These authors put into words what I wanted as a child and what I want for my students. This is my idea of the perfect classroom — a place where every student feels acknowledged, validated and cherished. They need to know that they have value solely for who they are.
My classroom climate is based on this ideal. I want every child to know that I see them. I hear them. They matter to me. I am extremely careful with my words and actions and I am quick to apologize and try to make it right if I ever do realize that I have hurt a child. My words have power, and I must use that power for good.
A few years ago I received one of the best compliments I’ve ever been given by a student. She told a peer that the best part about my class was, “Every student is Mrs. Mizerny’s teacher’s pet.” I am proud of the fact that all of my students feel like my favorite, because they are. They and their parents have trusted me with their minds and hearts, and my main duty is to protect that like the precious gift that it is. Hiam Ginott, who pioneered the idea of supportive conversations with children, said, “If we treat people as they ought to be, we help them become what they are capable of becoming.”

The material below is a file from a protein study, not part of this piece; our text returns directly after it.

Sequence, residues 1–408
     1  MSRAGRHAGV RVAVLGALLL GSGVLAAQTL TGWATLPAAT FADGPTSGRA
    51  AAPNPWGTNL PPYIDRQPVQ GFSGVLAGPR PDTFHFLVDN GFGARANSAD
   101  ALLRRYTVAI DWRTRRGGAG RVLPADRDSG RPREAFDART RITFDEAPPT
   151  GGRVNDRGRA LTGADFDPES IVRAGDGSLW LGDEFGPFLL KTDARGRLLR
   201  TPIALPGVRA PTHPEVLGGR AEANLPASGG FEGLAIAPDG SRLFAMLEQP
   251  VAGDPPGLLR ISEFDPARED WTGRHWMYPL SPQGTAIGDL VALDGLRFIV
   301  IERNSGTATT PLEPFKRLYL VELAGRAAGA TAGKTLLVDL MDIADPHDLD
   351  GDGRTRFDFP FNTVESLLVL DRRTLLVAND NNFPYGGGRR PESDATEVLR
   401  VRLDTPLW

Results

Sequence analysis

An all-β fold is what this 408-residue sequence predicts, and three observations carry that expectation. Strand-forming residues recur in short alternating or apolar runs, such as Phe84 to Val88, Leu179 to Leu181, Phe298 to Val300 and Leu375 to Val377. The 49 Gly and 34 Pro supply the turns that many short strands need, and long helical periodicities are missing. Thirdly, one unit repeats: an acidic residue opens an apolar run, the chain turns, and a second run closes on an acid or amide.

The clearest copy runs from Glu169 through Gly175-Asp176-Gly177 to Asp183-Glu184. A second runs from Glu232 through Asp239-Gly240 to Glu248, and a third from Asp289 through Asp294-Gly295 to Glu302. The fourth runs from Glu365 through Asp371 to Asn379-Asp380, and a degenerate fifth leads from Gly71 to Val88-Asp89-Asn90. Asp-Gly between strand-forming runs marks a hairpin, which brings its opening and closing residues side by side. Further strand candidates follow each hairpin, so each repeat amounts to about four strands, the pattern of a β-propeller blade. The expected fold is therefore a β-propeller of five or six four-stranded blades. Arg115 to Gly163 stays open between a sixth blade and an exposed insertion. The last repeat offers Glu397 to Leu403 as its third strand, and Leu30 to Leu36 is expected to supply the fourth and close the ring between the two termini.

http://smartblogs.com/education/2014/12/04/i-am-my-words/